Laser sintering high-quality dental components

Cologne, Germany – Here at this year’s International Dental Show, EOS, a supplier of laser sintering systems, will be showcasing advanced e-Manufacturing solutions for dental crowns, bridges and implants. This digitalized manufacturing workflow based on laser sintering technology enables substantial time savings as well as parts that are characterized by excellent mechanical properties, a constant quality, and a high detail resolution. 

Click to EnlargeDuring the past year, about 1.5 million individual dental copings and bridges were manufactured in automated manufacturing centers via e-Manufacturing with the EOS laser sinter technology. The core of this process is the EOSINT M270 – the only system of that kind which produces costs-efficient and high quality dental restorations by using direct metal laser sintering (DMLS). With this production process, dental copings and bridges made of CE (CE 0537) certified powder based on CAD data can be developed within a very short time, thus enabling a dramatic automation and digitalization shift in the dental industry.

Dental restorations have long been conventionally produced primarily from metal through the use of casting techniques. Currently, though, dental technology is undergoing a radical shift and a process of industrialization that has already taken place in other markets. Today, the use of digital dental technology is on the rise and manufacturing processes are being automated. Using the conventional casting production process, a dental technician can currently produce only about 20 dental frames per day. Laser sintering is a significantly superior method: one fully automated laser sintering system can produce approximately 450 high-quality units of dental crowns and bridges within 24 hours. This corresponds to a production speed of approximately three minutes per unit on an average, making laser sintering a true industrial process ensuring high productivity at a reduced cost.

By digitalizing the work steps, it is possible to weed out error sources from the assessment of the patient to the production in the lab and to guarantee consistent high quality. This reduces the risk of incorrect preparation or moldings, of imprecisions in fit as well as during the finishing work, and costly repetitions. Digital in data generation, laser sintering at the same time enables a high reproducibility of production properties and a patient-specific serial production. At the same time, this technology is much more cost effective than conventional precision casting. As such, the software supported workflow enables reduced processing times, permitting the dental technician to concentrate on the vital peripheral processing steps of value creation such as aesthetic and function-orientated ceramic veneering.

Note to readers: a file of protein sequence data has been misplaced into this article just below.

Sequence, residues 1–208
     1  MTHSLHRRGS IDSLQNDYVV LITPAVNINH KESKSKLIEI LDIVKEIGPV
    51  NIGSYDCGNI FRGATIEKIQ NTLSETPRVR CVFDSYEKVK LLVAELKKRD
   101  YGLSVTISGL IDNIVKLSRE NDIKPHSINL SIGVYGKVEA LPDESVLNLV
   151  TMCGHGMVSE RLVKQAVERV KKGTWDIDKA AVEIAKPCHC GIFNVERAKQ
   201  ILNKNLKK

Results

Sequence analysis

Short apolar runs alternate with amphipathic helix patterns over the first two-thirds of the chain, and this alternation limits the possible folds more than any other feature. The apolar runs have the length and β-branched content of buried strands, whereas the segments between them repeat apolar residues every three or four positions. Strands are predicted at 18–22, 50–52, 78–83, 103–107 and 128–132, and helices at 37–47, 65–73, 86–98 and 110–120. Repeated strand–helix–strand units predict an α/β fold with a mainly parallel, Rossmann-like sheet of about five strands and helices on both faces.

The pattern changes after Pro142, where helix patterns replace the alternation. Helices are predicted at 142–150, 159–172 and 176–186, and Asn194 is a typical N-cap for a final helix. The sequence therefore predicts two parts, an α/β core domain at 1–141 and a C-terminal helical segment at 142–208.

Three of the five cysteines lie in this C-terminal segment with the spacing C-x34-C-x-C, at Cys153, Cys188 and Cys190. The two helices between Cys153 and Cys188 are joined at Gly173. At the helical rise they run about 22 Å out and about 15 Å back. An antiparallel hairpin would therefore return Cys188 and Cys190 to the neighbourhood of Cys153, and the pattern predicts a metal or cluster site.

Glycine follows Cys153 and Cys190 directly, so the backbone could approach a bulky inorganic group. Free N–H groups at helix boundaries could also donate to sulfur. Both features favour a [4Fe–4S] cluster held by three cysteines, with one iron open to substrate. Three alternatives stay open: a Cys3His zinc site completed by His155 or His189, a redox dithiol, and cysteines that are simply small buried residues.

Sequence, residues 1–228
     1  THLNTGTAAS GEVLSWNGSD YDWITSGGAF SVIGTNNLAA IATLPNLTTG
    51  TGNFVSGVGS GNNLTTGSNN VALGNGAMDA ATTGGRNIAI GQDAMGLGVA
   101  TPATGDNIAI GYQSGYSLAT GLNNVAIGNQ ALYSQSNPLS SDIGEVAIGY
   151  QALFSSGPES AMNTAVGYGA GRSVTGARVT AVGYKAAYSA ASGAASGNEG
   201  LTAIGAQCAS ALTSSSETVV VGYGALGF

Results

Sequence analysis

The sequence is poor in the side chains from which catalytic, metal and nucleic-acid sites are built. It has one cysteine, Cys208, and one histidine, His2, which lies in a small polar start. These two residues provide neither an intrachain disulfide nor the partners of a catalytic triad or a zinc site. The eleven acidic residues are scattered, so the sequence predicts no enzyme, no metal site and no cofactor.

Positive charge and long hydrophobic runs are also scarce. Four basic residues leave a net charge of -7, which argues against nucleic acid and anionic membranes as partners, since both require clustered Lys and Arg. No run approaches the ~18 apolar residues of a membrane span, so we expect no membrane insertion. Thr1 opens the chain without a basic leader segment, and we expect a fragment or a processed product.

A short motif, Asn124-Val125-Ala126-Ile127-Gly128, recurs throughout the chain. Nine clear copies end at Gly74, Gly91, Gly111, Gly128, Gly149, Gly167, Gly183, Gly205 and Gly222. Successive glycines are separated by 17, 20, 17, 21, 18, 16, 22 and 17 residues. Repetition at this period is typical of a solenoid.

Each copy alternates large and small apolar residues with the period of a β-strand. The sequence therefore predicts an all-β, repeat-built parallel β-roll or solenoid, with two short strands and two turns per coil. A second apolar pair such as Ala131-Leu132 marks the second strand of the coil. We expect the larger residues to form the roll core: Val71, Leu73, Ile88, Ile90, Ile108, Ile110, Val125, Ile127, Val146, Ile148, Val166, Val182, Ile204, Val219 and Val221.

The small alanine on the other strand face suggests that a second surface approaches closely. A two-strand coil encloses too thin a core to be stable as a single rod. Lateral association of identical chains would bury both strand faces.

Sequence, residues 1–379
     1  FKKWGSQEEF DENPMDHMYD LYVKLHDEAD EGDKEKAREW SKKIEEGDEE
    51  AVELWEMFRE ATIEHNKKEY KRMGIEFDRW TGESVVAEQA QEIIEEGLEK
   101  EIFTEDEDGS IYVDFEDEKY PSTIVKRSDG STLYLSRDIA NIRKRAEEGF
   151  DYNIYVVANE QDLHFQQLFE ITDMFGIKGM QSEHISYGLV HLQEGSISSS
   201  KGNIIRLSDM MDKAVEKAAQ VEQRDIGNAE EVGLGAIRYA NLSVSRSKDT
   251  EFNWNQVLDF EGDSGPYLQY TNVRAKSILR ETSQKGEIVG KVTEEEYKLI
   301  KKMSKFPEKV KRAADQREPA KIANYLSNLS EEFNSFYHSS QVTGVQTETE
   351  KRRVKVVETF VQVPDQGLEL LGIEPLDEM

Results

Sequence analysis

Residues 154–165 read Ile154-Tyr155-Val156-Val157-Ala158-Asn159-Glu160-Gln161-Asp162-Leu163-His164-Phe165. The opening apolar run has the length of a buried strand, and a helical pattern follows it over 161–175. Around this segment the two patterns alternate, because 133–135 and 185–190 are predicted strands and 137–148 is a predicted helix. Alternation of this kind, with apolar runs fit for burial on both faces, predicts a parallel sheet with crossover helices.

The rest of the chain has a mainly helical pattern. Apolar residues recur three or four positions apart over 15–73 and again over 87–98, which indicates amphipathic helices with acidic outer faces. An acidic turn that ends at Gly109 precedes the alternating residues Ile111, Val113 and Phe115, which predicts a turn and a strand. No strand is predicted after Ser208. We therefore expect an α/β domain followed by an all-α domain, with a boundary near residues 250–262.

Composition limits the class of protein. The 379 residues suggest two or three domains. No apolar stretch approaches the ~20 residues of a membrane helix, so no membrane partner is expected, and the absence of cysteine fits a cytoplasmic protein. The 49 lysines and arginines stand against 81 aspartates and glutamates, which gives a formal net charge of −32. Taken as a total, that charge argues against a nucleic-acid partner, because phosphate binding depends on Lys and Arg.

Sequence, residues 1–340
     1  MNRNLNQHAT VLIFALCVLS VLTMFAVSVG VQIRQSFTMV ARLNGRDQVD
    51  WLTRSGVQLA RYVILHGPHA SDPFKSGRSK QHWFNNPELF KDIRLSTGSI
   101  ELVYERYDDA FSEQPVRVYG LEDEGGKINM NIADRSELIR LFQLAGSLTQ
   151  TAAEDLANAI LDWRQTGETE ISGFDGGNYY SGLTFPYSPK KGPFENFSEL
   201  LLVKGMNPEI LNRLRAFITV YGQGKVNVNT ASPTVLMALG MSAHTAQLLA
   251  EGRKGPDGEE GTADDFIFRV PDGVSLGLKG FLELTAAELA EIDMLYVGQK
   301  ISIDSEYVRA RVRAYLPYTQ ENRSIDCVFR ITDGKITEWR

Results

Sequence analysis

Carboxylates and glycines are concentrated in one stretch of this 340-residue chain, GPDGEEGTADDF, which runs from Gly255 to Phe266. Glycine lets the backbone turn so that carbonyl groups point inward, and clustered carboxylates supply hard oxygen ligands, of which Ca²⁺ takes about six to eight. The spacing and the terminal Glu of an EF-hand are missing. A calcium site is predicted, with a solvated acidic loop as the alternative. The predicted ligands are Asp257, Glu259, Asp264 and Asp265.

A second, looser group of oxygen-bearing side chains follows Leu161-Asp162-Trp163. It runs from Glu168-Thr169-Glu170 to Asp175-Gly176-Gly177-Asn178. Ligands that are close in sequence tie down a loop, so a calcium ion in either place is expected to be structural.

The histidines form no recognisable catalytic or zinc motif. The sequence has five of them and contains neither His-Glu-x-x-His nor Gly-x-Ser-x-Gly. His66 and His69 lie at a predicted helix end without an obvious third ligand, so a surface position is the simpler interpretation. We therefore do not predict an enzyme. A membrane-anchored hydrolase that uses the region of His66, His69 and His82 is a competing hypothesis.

In order to manufacture dental restorations based on this additive manufacturing method, the 3D CAD data is sliced into layers. The system runs with an Ytterbium-fiber laser with a nominal output of 200 W. The desired geometry of dental crowns or bridges is produced in layers by selectively fusing metal powder and with the possibility of integrating identification tags. After production has been completed, supports can easily be removed. Since operating a DMLS system requires personnel only for loading and unpacking the machine, two production cycles per day can be executed. Currently, EOS has an installed base of more than 35 dental systems worldwide.

For the manufacture of dental crowns and bridges, the EOSINT M 270 processes a special cobalt chromium molybdenum-based super alloy, EOS Cobalt Chrome SP2. It is biocompatible and CE certified for use in the dental industry (CE 0537). This well-established material has seen considerable demand in recent years and is very inexpensive compared to precious metal alloys. The quick solidification after melting leads to a fine and homogenous microstructure whereas during the casting there is always a risk of overheating and segregation.

EOS, founded in 1989, employs 300 people worldwide, 250 of them in Krailling near Munich, Germany.

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